The discussion around the Hollywood Oscars is a sign: In the name of "diversity," we are reducing individuals to groups of resentment and making these groups incompatible with each other.
We are in Hollywood and pop culture awards season: the Grammys, the Golden Globes, the Academy Awards, etc. Lists of nominations are revealed, presences and absences are noted, bets are made, and final choices are criticized. And if there is anything remarkable this year, it is the relegation to second place of the simple, yet questionable, criterion of quality. Few people seem interested in knowing who is the best. The judgments on nominees and winners are focused on something else: the representativeness of the nominees. The question is no longer knowing which is the best film or the best actor, but the gender of the director or the actor's ethnicity. This is called "diversity," and that's what matters to those who deliver the awards.
In this game, The Academy of Motion Picture Arts and Sciences (or Hollywood as a whole) seems to have hit the nail on the head. However, the house of diversity has many trapdoors. When the Academy was quietly enjoying the reactions to its nominations, another group stood up claiming they were being discriminated against, or, as it is now called, made invisible: the Latinos. The Academy was looking for African-Americans and women. And the Latinos, that is, the Americans from South America who speak Spanish? They are protesting, convinced that nominations and prizes are not achieved with talent and work, but by political organization. The war of diversity is just beginning.
There is no doubt that for years, white men have prevailed in many arenas. But should we, therefore, reduce contests to mere recognition of an identity group's complaints? Or devalue the personality and work of so many individuals in order to respond to the claims of an identity group? It seems like the revenge of old discrimination: Before, these people did not have opportunities; now that they have them, they are denied the right to prove their own worth.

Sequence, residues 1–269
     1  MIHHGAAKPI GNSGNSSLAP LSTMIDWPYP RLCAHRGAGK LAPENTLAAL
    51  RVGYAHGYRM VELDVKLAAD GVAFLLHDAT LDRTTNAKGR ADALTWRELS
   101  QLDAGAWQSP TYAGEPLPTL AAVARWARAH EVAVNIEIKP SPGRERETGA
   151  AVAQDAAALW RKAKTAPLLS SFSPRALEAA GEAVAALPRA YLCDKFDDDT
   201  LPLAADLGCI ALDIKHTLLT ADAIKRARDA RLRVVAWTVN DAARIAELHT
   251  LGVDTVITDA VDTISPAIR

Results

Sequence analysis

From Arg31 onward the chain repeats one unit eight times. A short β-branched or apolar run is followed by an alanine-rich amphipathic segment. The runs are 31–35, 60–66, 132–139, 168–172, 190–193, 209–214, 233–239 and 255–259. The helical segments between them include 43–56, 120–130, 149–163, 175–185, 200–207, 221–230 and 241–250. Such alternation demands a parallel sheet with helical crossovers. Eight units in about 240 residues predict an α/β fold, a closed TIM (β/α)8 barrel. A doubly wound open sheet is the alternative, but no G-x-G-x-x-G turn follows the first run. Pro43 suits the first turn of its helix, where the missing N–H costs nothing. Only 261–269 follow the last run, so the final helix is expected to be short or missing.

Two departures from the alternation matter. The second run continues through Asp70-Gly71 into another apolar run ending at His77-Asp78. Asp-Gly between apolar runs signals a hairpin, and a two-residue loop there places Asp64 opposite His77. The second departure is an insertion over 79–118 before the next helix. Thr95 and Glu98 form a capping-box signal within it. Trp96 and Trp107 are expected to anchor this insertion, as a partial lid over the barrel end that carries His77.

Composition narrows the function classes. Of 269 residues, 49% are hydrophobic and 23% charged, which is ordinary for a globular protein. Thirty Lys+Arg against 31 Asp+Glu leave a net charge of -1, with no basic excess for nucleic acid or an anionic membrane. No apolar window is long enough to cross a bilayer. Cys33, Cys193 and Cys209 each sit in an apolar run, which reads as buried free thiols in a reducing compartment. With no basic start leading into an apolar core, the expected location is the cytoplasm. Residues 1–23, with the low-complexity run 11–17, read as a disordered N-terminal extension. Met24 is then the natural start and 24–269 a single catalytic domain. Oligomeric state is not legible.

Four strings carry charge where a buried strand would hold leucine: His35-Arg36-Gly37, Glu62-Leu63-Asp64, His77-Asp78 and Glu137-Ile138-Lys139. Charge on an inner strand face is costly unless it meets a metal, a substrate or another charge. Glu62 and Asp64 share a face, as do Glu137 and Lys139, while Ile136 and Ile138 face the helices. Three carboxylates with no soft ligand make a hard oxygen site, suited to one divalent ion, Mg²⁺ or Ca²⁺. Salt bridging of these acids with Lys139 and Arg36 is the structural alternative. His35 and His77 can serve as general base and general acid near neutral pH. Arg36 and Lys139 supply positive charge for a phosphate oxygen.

However, we have not yet seen the end of this story. If an identity group is defined by a specific story, it is important to prevent members of other groups from taking advantage of that story. This is what is called "cultural appropriation," which Kathryn Bigelow was accused of when she made the film "Detroit." Can the story of African-Americans only be filmed by African-Americans? The question about whether the story can only be seen by African-Americans remains.
In April, 50 years will have passed since the murder of Martin Luther King Jr. King dreamed about a society of equal citizens against the system of segregated races. Perversely, a new segregationism now threatens to emerge from the supposed struggle against the exclusions of the past, trying to impose a new order in which identity is more valuable than civil rights. One of the results, for example, is the culture of silence regarding the abuse of African-American women by African-American men. Being a member of the group prevails over these women's right to resist sexual harassment and domestic violence.
It's an American story, people will tell me. For now. But the diversification of European societies through migration turns this question into more than a U.S. curiosity. We can, as King proposed, try to be, with many imperfections, societies of equal citizens despite differences in gender, sexuality, skin color and social origin. Or we can, instead, reduce ourselves to mere groups of segregated communities with nothing in common but reciprocal resentment and mistrust. The second choice is the easiest way to get to discrimination and to the most revolting authoritarianism.